COCKE: Well, part of this misunderstanding comes from both artists and organizers mistakenly thinking that more truth means less beauty, and vice versa.

PENNEKAMP: As I age, I get less tolerant of work that has no larger community purpose other than aesthetic pleasure. Also, it now seems to me that all fields of knowledge, including the arts, are one field of knowledge, splintered into phenomenological parts initially for the ease of study—for the power of focus—and then because those who master the part can claim some authority over the whole. There is polarity between the understanding and practice gained from isolating and focusing attention on specific parts of human experience and the blindness and limitations created by that focus.

MCGARVEY: I think one notable exception to this separation of art from the community can be found in the youth organizing that has grown rapidly around the country—young people from high school through college age and beyond working collectively to solve social problems in their communities and institutions. The use of the arts—poetry slams, story and theater, visual arts, digital arts—seems to come as naturally to this next generation as the newest electronic gadgetry.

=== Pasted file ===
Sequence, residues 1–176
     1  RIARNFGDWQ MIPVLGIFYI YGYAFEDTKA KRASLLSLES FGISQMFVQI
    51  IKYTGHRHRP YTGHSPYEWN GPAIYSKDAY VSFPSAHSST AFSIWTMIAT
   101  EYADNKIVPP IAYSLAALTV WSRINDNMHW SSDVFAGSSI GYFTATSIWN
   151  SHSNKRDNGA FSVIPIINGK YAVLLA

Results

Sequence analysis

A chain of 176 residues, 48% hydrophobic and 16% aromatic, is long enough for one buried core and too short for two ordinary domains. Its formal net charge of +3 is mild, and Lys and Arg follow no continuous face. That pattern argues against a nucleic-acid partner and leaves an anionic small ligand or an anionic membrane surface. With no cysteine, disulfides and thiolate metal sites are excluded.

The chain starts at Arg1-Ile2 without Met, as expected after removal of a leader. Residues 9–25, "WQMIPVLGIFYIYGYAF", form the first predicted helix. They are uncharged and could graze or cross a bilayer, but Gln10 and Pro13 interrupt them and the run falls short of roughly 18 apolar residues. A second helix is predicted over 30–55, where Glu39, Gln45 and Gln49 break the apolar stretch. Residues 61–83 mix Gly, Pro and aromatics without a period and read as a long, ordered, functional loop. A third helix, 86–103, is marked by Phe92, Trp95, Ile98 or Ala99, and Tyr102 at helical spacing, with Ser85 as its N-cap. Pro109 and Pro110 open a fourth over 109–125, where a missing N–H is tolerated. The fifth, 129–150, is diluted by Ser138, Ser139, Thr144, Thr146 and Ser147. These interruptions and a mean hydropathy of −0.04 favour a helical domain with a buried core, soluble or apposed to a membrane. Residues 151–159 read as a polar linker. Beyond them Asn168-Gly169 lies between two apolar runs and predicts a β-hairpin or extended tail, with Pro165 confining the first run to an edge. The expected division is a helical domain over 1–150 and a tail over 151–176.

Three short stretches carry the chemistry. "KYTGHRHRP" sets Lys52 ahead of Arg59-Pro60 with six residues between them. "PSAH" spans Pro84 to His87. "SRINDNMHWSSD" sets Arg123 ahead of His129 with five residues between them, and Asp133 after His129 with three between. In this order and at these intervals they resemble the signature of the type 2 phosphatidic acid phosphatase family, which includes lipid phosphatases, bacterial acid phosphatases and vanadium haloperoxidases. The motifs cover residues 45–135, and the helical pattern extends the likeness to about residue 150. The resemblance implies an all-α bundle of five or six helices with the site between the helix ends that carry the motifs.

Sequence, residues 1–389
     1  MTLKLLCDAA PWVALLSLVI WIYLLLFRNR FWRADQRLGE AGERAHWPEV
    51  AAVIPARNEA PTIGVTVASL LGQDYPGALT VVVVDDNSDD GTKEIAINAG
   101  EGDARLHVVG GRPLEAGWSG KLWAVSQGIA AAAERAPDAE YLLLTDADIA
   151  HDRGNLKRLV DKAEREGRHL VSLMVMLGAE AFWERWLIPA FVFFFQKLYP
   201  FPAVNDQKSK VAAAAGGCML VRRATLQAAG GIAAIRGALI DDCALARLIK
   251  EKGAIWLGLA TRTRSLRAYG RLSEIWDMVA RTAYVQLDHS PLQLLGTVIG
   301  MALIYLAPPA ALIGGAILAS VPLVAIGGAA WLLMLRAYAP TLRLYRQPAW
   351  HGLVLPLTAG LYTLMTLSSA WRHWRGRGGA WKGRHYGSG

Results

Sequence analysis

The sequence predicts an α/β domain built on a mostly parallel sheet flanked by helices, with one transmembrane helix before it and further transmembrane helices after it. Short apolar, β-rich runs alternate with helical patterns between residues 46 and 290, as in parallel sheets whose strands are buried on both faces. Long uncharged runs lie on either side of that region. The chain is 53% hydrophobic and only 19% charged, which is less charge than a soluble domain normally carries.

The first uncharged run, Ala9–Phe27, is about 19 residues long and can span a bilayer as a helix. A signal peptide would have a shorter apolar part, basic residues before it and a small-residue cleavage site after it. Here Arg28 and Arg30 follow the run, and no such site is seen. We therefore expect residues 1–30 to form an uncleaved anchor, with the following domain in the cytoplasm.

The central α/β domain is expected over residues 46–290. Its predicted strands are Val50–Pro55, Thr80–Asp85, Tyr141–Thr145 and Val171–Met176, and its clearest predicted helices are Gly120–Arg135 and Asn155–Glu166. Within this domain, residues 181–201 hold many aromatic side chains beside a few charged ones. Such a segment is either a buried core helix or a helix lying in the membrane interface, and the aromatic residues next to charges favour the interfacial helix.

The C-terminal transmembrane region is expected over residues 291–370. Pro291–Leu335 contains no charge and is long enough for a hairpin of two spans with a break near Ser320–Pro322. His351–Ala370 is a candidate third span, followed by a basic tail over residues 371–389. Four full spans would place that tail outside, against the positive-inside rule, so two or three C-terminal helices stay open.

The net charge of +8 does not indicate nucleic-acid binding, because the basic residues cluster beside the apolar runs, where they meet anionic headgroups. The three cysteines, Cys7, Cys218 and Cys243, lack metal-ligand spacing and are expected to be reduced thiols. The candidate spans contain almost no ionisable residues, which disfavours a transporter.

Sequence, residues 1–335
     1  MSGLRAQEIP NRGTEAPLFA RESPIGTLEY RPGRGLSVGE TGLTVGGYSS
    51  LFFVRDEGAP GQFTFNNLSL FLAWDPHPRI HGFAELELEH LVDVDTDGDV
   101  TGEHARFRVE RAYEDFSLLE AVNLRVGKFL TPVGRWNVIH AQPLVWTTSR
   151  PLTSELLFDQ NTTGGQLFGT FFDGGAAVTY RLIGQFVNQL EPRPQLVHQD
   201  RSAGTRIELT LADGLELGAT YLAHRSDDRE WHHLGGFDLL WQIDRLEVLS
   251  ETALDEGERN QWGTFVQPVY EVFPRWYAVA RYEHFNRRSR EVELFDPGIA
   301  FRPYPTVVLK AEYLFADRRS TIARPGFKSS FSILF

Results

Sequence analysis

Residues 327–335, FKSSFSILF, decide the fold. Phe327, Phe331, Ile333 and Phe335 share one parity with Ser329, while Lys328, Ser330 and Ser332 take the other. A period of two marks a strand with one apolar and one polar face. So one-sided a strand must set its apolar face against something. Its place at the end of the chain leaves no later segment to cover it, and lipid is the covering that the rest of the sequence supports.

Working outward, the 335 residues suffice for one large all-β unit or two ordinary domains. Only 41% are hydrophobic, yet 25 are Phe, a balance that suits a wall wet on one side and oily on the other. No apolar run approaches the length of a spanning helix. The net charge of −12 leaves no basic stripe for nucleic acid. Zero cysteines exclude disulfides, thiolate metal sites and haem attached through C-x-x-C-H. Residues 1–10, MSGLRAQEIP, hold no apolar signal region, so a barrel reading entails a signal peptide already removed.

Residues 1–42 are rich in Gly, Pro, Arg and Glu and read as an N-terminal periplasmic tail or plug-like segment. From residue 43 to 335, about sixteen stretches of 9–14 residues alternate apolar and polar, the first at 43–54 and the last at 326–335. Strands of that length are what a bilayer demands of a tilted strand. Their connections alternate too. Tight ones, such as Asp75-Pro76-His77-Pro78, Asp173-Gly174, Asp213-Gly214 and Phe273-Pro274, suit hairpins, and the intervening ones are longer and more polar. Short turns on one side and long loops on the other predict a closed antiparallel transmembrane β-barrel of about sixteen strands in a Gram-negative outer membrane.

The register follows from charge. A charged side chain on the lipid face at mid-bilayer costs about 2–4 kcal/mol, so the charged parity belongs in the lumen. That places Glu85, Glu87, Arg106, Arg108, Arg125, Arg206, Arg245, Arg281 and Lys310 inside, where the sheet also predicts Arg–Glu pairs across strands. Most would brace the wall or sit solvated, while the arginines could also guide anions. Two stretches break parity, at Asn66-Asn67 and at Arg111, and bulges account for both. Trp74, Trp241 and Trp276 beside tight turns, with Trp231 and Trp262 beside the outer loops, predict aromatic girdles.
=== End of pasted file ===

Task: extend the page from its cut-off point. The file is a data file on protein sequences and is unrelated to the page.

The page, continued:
PENNEKAMP: I think they’re on the right path. The main lesson I’ve learned through endless muddy efforts to further social justice is that the justice to which the community aspires always has to take primacy over a particular field. The field of art can be highly effective in contributing to social justice along with other fields, but only if it contributes first to the structure of change, instead of the structure of change being modified to fit the arts—the same can be said for community development, media, political reform, etc. This is why constructive community change is so rare: Members of fields try to modify action based on presumptions about their field, rather than to every moment hold the assumptions of the field accountable to the realities and possibilities for community change.